So unfortunately, I spent four years in Sped Ed doing classwork that was for me, very simple and easy…Such as learning my times tables, or the basics of hygiene (health), over and over again each year. These were good things to learn yes, but I felt as though I was above it for the most part, at least after the first year…I thought I was more capable then they initially branded me.

But because of being in that classroom for four years straight, it slowly ate away at my confidence as a person, especially socially.

Because I was considered “special” by the school district and had been placed in a certain kind of classroom, most of the students from regular classes treated me well but with an underlining sense of sympathy or obligation.

Whether that was indeed true or not for everyone I came across, I can’t say for sure, but none-the-less it got in my head and led me to never feeling like I fully got the equality and kind of friendship from others that I deserved, which made  it hard to connect with people.

So after each school day was done, I would go home, hop on my computer and turn to one of my only two loves in the world at that time -online video-games, the one area of life where in all honesty, at least in the past, I felt like I was just like everyone else.

However it was one person in particular that I met in the second MMO I ever played, that for me, changed at how I viewed my life, and put the light back into my seemingly shadowy and depressive existence…

Back in December of 2012, a free-to-play MMO game called Forsaken World released to the masses, and as a fantasy-themed fanatic coming off of the high of WoW, I jumped at the chance to download the game and try it out.

I had already graduated from college a year earlier, and (as most of you know from my last episode), I wasn’t able to get out enough to meet new people, so it didn’t take me long to get completely engrossed in the game and start putting myself out there, socializing with anyone and everyone I came across.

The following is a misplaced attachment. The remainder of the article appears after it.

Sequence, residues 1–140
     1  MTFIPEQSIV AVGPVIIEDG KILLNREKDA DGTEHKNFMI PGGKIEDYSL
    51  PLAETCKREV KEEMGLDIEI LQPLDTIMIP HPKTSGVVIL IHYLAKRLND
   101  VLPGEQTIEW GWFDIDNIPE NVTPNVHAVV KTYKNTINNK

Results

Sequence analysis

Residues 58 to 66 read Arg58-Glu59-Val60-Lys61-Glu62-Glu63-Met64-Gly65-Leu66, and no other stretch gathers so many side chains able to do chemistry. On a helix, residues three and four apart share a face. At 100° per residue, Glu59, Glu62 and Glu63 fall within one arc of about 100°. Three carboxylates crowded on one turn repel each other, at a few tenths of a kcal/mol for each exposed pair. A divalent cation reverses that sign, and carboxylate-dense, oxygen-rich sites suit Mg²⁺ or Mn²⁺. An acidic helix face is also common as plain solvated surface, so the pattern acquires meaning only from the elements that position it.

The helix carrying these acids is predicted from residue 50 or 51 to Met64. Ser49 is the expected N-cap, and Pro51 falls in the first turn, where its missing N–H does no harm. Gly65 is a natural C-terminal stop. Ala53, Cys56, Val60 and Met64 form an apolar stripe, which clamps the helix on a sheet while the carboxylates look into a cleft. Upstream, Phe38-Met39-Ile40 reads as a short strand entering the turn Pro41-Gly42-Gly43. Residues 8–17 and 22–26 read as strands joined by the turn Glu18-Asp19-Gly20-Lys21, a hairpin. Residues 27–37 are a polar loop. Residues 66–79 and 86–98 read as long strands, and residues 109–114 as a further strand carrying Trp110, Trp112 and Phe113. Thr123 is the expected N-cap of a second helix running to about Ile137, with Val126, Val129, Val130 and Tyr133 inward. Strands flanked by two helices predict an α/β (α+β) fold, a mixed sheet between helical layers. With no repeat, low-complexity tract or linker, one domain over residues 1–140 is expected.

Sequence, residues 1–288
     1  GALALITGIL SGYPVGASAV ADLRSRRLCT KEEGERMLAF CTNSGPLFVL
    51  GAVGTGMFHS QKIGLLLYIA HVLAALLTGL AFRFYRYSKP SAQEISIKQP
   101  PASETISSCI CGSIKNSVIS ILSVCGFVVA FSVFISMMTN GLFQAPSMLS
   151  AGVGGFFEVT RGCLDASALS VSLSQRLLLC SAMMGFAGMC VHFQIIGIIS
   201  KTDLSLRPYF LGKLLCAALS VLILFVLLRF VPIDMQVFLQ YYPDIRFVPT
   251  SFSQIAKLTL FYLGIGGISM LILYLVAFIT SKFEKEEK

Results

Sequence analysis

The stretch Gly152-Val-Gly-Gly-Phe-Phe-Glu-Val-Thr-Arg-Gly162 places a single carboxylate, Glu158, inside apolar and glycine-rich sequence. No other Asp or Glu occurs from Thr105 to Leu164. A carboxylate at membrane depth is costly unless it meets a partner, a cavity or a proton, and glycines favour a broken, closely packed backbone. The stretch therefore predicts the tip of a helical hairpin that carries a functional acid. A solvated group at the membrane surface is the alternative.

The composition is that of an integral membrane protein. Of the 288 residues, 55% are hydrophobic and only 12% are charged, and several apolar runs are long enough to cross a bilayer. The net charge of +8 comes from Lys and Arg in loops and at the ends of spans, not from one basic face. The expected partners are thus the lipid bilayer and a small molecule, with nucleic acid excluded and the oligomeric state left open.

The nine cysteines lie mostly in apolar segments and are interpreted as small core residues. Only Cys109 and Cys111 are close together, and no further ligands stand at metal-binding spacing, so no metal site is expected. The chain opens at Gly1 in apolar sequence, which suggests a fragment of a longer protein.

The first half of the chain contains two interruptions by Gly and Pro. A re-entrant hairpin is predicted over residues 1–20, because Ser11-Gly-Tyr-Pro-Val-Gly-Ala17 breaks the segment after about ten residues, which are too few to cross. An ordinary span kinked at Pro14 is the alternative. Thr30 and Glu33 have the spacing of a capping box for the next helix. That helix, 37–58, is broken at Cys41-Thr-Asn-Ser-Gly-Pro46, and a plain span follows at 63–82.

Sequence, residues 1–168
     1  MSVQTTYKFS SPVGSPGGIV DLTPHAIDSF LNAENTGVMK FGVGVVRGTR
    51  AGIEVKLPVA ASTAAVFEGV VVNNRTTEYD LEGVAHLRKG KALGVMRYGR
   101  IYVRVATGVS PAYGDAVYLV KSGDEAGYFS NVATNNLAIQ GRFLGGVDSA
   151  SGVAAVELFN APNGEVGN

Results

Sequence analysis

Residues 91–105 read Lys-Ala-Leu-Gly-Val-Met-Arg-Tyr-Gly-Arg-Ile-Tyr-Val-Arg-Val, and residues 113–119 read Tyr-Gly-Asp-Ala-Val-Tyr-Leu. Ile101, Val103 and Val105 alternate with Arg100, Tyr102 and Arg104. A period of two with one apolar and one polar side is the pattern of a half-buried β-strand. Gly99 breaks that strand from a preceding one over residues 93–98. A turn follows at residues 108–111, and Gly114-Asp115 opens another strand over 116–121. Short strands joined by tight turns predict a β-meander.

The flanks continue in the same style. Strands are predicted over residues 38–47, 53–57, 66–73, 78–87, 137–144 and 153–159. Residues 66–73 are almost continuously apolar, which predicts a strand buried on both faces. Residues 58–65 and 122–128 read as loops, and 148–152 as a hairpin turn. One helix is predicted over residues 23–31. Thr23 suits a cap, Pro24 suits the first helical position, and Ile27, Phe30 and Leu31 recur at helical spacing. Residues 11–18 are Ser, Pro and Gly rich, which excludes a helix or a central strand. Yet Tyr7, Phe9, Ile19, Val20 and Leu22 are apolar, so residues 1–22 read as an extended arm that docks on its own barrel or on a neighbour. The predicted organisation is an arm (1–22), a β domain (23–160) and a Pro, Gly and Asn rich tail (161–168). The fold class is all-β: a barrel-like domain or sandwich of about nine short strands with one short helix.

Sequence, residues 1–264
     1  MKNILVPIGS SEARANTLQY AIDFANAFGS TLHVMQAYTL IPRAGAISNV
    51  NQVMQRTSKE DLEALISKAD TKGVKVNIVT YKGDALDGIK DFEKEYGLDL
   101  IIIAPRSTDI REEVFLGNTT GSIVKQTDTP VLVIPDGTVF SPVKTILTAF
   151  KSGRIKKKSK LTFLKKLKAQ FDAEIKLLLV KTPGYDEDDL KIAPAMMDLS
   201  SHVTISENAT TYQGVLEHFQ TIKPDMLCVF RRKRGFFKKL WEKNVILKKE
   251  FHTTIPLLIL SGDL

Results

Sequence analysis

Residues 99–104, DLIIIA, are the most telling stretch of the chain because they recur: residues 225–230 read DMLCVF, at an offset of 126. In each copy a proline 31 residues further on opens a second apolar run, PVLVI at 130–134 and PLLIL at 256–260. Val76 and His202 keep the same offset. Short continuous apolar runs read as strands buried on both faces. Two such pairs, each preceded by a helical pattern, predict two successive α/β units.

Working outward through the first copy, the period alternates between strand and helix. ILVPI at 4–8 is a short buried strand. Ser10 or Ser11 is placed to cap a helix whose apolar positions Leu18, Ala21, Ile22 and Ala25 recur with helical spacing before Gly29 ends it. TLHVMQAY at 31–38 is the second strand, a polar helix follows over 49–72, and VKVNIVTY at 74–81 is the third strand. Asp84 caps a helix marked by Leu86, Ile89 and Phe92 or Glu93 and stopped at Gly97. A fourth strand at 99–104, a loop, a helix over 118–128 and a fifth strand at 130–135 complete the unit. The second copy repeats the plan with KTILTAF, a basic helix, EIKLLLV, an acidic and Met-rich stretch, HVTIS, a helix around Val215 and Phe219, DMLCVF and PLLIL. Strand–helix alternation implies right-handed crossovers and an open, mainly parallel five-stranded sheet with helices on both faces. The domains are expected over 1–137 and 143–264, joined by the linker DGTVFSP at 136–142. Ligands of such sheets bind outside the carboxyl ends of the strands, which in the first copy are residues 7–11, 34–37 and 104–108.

Soon, I came by someone who was playing as a female vampire (Yes, ESO isn’t the only one with vamps).

For confidential reasons, and for the sake of this article, I’ll refer to them as “Ms. Y”.

As usual was my tactic, I introduced myself politely (manners goes a long way online), and asked how they got into the game.  We must have only conversed for about a half hour or so before they had to log off. Afterwards, I thought nothing super special of it until the next day, when I logged in and met someone who we’ll call “Ms. B”.  Again my tactic was the same…

ME: “Good afternoon ma’am/sir, I hope you don’t mind but I like your (insert icebreaker here)”

MS. B: “We met already, but hi =)”

Fast forward through some of the details, and it turned out that Ms. Y and Ms. B were the same person.

Out of what must have been THOUSANDS of players in this game, I ended up meeting the same person TWICE in two days.  I was beside myself, I couldn’t believe it…and before I knew it, we were MMO partners, going on quests together and playing until 3 o’clock in the morning.